More state budget problems could hit schools hard
WILLMAR -- Budget cuts have become a yearly exercise for Minnesota school districts, as they deal with falling enrollment and limits on their funding.
But a state budget deficit which has increased more than $1 billion in five months could lead to severe reductions in school budgets statewide. The deficit projections were revealed on Wednesday.
Schools al-ready face a delay in receiving their funding because of Gov. Tim Pawlenty's unallotment last summer. Unallotment is the governor's power to reduce spending to prevent a deficit.
Pawlenty did not cut school spending, but he did delay 27 percent of this year's state aid payments until the next fiscal year. That delay has caused many schools around the state to borrow money to maintain their cash flow between aid payments.
Area superintendents are waiting to see how further state actions may affect them in the near future.
"They should absolutely be concerned," said Rep. Al Juhnke, DFL-Willmar. In a telephone interview Friday, Juhnke said the budget has deteriorated significantly since the Legislature adjourned in May.
The $1.2 billion deficit that has built up since the fiscal year began on July 1 will contribute to a projected $5.5 billion deficit for the next two-year budget cycle, Juhnke said.
When inflation and other factors are included, it's possible the state could be trying to cut $8 billion, about one-quarter of the two-year budget.
"I think it's extremely sobering and serious," Juhnke said.
"We need to change the way we do business," he added. "In 14 years (as a legislator), I've never seen anything like this."
The blame for the lack of cooperative spirit among state leaders can be placed on Gov. Tim Pawlenty and legislative leadership from both parties, Juhnke said.
"I think it's time for them to get back to work," he said. "The leadership just isn't around ... at least that's my view from the sideline."
Juhnke said a budget fix won't come easily. "It has to be done in a balanced way," and include revenue increases, spending cuts and significant government reform, he said.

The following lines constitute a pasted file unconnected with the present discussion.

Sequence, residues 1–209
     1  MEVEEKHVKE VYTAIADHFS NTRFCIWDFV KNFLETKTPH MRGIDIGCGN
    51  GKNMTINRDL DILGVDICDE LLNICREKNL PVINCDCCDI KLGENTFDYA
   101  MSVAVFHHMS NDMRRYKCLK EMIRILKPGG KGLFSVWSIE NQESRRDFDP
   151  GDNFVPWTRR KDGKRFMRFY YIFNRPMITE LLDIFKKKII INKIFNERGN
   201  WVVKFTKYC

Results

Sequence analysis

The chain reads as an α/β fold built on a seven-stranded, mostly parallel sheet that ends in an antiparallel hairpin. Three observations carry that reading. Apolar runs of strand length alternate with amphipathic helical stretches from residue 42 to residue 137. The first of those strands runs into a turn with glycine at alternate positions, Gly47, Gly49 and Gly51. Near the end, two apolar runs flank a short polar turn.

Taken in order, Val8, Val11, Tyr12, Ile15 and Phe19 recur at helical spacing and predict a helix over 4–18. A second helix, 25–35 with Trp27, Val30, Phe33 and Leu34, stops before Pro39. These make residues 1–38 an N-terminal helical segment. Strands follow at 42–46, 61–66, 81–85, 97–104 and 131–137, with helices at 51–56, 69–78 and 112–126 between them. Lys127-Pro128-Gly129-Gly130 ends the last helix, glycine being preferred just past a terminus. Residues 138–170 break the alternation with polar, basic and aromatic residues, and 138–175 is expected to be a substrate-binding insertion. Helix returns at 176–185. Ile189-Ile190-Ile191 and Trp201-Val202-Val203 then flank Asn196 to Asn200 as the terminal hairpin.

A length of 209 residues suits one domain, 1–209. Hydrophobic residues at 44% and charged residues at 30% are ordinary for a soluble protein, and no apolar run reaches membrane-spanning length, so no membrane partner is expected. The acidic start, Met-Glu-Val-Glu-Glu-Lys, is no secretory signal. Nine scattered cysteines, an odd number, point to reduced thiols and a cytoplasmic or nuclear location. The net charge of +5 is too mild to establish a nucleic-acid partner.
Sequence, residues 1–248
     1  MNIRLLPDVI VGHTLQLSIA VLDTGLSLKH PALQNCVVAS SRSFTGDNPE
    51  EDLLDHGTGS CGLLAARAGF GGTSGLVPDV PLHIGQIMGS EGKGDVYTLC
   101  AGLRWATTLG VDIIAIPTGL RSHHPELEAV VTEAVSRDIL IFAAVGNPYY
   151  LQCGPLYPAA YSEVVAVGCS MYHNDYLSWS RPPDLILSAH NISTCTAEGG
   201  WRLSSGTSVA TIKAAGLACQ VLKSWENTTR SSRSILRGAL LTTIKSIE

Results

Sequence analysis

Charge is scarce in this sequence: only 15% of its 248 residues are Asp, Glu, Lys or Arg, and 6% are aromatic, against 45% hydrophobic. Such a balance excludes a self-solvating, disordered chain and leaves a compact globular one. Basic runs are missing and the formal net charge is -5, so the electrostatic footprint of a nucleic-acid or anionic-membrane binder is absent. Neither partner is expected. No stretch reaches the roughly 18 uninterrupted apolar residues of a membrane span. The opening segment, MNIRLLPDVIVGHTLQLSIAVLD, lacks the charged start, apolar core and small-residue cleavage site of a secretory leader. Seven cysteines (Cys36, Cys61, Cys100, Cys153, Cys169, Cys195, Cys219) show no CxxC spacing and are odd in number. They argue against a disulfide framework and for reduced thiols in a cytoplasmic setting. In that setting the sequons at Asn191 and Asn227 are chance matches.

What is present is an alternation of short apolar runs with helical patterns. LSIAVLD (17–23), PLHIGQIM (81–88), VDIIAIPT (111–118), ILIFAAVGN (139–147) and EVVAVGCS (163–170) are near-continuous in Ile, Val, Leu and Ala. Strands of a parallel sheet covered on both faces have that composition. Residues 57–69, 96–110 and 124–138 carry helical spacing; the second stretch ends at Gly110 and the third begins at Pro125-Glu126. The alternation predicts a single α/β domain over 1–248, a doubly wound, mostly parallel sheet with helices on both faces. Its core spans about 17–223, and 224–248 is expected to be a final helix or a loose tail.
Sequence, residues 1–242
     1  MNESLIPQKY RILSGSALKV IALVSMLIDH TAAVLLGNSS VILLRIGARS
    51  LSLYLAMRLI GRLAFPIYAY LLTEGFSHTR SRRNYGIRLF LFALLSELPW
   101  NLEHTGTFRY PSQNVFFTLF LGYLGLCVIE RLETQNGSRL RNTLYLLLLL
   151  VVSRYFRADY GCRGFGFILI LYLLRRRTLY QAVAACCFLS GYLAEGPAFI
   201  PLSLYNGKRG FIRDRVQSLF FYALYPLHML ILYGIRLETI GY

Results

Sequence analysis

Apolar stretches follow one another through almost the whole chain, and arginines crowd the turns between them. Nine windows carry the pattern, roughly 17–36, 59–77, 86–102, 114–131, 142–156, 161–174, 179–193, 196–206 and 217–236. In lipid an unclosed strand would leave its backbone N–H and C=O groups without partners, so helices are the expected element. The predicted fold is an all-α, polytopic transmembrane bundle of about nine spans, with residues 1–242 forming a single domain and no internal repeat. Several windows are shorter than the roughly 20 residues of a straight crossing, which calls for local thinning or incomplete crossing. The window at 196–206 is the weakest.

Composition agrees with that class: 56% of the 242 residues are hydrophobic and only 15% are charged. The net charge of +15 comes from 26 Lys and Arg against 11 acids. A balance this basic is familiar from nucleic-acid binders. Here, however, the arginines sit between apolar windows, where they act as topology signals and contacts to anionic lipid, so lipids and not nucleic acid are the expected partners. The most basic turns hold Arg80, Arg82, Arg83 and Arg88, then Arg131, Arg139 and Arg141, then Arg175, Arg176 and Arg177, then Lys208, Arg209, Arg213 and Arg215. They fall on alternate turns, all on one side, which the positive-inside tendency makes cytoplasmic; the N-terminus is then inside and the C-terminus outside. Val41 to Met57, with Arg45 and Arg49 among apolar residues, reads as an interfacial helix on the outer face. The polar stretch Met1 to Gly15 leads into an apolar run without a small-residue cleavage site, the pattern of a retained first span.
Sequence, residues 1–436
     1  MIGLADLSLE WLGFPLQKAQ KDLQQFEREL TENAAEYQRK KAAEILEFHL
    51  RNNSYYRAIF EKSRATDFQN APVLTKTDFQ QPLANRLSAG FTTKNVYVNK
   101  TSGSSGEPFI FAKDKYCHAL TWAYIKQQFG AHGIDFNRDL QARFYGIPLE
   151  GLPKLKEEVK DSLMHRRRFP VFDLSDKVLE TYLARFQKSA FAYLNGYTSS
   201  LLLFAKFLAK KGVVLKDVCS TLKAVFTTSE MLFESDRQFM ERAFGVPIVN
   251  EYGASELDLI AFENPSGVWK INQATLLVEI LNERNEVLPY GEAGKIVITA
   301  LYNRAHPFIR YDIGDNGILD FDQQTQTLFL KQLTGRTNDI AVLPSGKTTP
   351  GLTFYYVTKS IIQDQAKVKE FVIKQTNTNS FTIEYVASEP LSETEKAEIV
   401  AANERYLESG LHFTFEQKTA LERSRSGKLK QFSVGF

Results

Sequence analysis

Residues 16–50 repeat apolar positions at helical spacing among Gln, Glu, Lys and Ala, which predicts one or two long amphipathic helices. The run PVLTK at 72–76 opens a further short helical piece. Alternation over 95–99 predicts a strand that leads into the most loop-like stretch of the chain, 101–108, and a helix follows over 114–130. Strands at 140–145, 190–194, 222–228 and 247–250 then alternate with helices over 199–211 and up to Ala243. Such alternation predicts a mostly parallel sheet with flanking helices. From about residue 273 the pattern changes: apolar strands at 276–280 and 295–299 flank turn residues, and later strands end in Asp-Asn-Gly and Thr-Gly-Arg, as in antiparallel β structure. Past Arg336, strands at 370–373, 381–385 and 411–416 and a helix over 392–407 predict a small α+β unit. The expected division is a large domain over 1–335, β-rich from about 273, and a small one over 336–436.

Sen. Joe Gimse, R-Willmar, said he hopes schools aren't affected by the deficit in the current year, but he is concerned about talk of stretching out the delay in paying the schools their 27 percent in aid.
Gimse, who joined the Legislature in 2007, said he is new to the idea of unallotment being used as a large-scale effort to balance the budget, and he's hopeful the Legislature can find other solutions in its 2010 session, beginning in February.
"I don't see a silver bullet, a magic bullet," he said. "There's a lot of ideas out there. ... There are some reform initiatives we're going to have to take serious looks at."
Republicans held a series of meetings with small business owners this fall. They are putting together a report on the meetings that should be released in January, Gimse said.
"I believe we need to continue to look, as our families and small businesses are doing, for ways to spend our money more wisely," he said.
The Willmar School District has already estimated that $1.4 million could be cut from its budget at the end of this school year. However, that number could move closer to $2 million, depending on what the state does, said Superintendent Jerry Kjergaard.
School leaders around the state have been concerned since Pawlenty's unallotment that the delayed state aid may never be sent to them. Those fears were heightened by Wednesday's announcement.
If the money owed to school districts is lost, "it is really going to be ugly," Kjergaard said.
When the district cut $2.8 million from the budget last spring, Kjergaard released a list of items that he did not recommend cutting.
However, if state cuts pile up, "I think all the bad things I said wouldn't happen could happen," he said. The list included cuts to athletics, activities and music programs. "Some of that stuff is going to be real unpopular," he added.
Litchfield Superintendent Bill Wold said the district, already in debt, has borrowed money to maintain its cash flow.
Districts that have a general fund reserve may be able to weather state budget problems a bit better, but Litchfield is already operating at a deficit, Wold said.
If the delayed state aid is not paid, "we'll have to make larger reductions or continue to borrow," he said. "It's disheartening, absolutely."